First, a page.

Depending on how you look at it, Pi Day is a festival of nerds, a…Read More
Could we be living in a simulation created by an advanced civilization? Philosopher Nick Bostrom argues that…Read More
Amid the clamor to figure out who Pope Francis might be, observers never failed to mention that he is the first Jesuit pope. But what does that really tell us and, more importantly, as his decisions begin to come down the pipeline, what is most important to know about his Jesuit worldview?Read More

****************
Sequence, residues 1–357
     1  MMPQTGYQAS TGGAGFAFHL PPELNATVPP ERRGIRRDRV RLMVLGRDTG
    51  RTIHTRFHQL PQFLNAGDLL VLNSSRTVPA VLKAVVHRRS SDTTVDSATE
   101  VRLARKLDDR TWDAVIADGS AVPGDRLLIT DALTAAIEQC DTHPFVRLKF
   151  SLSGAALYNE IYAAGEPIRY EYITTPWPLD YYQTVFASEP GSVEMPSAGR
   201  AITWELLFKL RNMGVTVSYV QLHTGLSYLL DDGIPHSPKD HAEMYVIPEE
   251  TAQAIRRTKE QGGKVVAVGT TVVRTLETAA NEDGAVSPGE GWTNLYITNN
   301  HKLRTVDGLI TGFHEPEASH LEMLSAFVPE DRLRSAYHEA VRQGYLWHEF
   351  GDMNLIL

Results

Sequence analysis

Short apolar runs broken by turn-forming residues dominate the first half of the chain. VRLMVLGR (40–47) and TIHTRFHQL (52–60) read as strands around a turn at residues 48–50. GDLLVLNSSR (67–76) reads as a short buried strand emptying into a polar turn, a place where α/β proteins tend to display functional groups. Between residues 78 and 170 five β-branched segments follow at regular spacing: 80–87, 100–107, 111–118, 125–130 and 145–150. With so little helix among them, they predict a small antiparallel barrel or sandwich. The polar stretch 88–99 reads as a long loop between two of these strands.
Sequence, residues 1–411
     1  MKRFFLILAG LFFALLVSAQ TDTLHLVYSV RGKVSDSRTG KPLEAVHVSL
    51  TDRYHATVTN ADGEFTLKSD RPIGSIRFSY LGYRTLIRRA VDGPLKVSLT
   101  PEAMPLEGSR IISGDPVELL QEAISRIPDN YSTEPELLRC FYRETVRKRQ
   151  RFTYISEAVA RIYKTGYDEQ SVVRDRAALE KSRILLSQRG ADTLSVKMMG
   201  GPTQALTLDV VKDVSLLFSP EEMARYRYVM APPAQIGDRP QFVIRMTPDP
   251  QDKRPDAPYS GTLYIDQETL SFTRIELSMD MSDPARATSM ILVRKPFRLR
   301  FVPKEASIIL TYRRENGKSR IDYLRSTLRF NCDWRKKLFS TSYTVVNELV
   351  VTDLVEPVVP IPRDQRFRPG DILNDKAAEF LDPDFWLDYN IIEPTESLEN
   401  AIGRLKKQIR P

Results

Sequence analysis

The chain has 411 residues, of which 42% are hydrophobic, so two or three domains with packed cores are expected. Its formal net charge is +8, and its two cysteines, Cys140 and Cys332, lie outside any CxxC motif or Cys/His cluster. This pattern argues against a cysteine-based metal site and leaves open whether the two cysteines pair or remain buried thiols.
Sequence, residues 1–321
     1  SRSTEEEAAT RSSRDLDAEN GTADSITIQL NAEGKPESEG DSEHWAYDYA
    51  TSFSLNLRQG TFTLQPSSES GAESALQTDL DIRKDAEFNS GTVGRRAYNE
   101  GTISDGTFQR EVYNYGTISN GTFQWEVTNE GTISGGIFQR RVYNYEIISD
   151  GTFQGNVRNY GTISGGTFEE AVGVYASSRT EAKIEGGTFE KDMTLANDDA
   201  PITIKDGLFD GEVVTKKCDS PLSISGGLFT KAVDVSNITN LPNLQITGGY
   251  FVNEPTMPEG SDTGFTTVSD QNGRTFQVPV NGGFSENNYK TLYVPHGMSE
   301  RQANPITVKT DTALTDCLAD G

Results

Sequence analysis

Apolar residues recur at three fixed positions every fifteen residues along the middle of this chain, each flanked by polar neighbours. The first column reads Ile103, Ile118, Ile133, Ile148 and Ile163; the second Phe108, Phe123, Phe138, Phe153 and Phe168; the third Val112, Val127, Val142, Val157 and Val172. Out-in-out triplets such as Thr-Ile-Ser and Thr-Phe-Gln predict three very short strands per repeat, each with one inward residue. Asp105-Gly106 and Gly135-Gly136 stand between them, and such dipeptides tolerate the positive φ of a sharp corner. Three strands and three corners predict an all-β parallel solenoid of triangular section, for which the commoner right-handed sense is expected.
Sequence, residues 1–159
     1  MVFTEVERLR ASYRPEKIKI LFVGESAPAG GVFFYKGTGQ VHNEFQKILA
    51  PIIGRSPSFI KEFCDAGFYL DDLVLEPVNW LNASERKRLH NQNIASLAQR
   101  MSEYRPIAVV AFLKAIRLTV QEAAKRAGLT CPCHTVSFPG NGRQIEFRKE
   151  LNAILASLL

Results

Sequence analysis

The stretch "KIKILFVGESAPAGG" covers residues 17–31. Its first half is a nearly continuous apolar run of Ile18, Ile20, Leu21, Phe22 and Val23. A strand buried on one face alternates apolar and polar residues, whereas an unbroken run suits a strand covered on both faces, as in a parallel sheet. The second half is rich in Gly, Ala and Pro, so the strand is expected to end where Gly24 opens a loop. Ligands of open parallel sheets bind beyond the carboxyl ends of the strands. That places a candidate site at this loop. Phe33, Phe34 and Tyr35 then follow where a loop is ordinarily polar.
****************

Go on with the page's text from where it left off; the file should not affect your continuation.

Many (obviously) look to religion for answers. Not me. Even if I consider myself somewhat religious, I have a hard time accepting the life-after-death claims of my own religion, Judaism. The dilemma is not uncommon: Although 80-90% of Americans believe in God, some 25-50% do not believe in life after death (the numbers depend on the study). So when considering death, many of us turn to less spiritual pursuits. Two recent books attempt exactly that: to explore the nature and meaning of death without religious filters. Shelly Kagan’s Death uses philosophy to define mortality and how best to live with the knowledge of it; Dick Teresi’s The Undead explores how science and technology is changing how we define death—and not for the better.